Starting Point in Austria
Near Rheineck (CH), 400 m. After 80 kilometers, The E5 crosses the border to Germany near Neuschwandalpe, 1100 m. After another 50 km, the border to Austria will be crossed a second time (Mädelejoch, 1973 m).
The second part in Tyrol/Tirol is about 120 km long. This section is very popular – some huts are fully booked weeks (on some days even months) in advance.
End Point in Austria
Timmelsjoch, 2474 m, on the border to Italy.
Route of E5 in Austria
Part I (Vorarlberg)
Bregenz – Alberschwende – Hittisau – Neuschwandalpe
Part II (Tirol)
Mädelejoch – Memminger Hütte – Zams – Pitztal – Braunschweiger Hütte – Pitztaler Jöchl (2995 m, highest point) – Zwieselstein/Ötztal – Timmelsjoch
Please note that there are several marked alternatives to the route given above. They can be helpful in case the huts on the main route are overcrowded. More details in the literature mentioned below.
80 km (part I), 120 km (part II)
Ground path of E-Path
Vorarlberg: Maximiliansweg (same as Österreichischer Weitwanderweg 04 and E-Path 4 (non-alpine), 80 km
Tirol: no notable ground paths
(Vorarlberg, part I:) ÖAV Sektion Weitwanderer: Voralpenweg – Führer zum Österreichischen Weitwanderweg 04. Order online via www.freytagberndt.com
(Tirol, part II:) Baur/Steuerwald: Fernwanderweg E5, Bergverlag Rother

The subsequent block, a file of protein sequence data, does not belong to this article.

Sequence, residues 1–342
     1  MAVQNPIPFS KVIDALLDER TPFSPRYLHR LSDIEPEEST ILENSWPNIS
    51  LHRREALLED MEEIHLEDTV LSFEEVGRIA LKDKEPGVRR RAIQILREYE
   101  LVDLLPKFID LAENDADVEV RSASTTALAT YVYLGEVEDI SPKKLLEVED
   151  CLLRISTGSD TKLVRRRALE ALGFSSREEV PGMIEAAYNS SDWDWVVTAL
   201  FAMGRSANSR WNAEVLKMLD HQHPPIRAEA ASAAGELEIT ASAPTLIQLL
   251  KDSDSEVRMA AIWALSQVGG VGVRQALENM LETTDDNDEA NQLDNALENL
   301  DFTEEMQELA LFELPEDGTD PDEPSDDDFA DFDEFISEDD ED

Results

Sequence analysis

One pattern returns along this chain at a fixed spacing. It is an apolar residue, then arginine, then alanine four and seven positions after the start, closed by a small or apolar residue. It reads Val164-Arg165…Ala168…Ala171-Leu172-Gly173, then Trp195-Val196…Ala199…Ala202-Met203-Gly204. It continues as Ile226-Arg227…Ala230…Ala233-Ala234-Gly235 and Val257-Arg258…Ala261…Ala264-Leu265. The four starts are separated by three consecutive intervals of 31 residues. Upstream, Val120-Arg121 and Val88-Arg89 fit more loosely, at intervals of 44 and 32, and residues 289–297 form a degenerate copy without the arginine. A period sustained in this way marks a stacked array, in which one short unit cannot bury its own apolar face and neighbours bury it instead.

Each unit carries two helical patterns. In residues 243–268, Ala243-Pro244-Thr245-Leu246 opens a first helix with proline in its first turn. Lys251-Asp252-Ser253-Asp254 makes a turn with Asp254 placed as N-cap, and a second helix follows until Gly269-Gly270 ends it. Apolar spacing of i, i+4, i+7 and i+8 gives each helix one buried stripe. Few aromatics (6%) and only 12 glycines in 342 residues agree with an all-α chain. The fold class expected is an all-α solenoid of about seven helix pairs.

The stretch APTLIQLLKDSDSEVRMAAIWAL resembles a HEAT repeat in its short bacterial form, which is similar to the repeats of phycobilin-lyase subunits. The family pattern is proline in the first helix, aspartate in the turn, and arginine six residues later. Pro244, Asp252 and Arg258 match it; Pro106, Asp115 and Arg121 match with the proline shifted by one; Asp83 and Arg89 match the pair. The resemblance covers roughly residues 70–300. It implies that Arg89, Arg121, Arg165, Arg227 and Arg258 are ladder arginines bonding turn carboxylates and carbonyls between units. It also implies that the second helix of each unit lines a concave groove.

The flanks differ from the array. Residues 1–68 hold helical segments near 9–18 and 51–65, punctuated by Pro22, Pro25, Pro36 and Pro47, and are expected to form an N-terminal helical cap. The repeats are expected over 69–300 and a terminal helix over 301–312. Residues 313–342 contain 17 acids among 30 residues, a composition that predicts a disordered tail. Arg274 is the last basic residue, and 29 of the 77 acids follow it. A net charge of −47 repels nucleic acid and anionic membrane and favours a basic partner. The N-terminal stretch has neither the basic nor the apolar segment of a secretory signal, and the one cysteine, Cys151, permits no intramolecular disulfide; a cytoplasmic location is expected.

These map publishers each cover the whole area (link to sheet lines in bracket):
Austrian flag along the way, at crossings route indicator signs with name and path number (grey signs in Vorarlberg, yellow signs in Tirol)
Crossing with another E-Path
Inns, guesthouses and pensions can be found at least every 20 – 30 km outside the Alps and every half a day in the alpine region. All publications listed above are pretty accurate when it comes to names and contact detail of possible places to stay. In the alpine region, mainly the German Alpine Association (DAV) maintains mountain huts where you can eat and sleep during summer. Some mountain huts offer self-supporting accommodation, some are basic shelters, others are quite comfortable. You can check out the equipment as well as capacity and other important information at: https://www.alpenverein.de/DAV-Services/Huettensuche/
You might consider a membership with Germany’s or Austria’s Alpine Association, as there are significant discounts on accommodation and it includes an insurance package (emergency transport, helicopter transport, etc. …). More information: www.alpenverein.de or www.alpenverein.at. Active memberships in any other east-alpine alpine association (Switzerland, South Tyrol) are usually accepted as well.
You don’t need alpine equipment along the “Voralpenweg” in Vorarlberg, but you will reach medium alpine territory (mainly below forest line).
In Tirol, alpine hiking equipment is required. Climbing gear is not necessary along the marked E5 path. Weatherproof hiking equipment is mandatory, as there can be snowstorms at any time of the year.
In several decentral villages you won’t find a grocery shop anymore, so you rely on your host/hut from time to time. It is usually no problem to buy sandwiches from the breakfast buffet (“lunch package”). Usually you have a chance to get warm food once a day.
Bregenz is easy to reach by train. The next airports is Altenrhein. Most hikers who want to cross the alps start in Oberstdorf (Bayern), which can be reached by train as well.
Between the major cities though you will mostly rely on busses. Hikers use shuttles to overcome the street section in Pitztal. There is a cable car to get from Zams (767 m) to Venet peak (2212 m).
Martin Marktl, Austrian Alpine Association (ÖAV)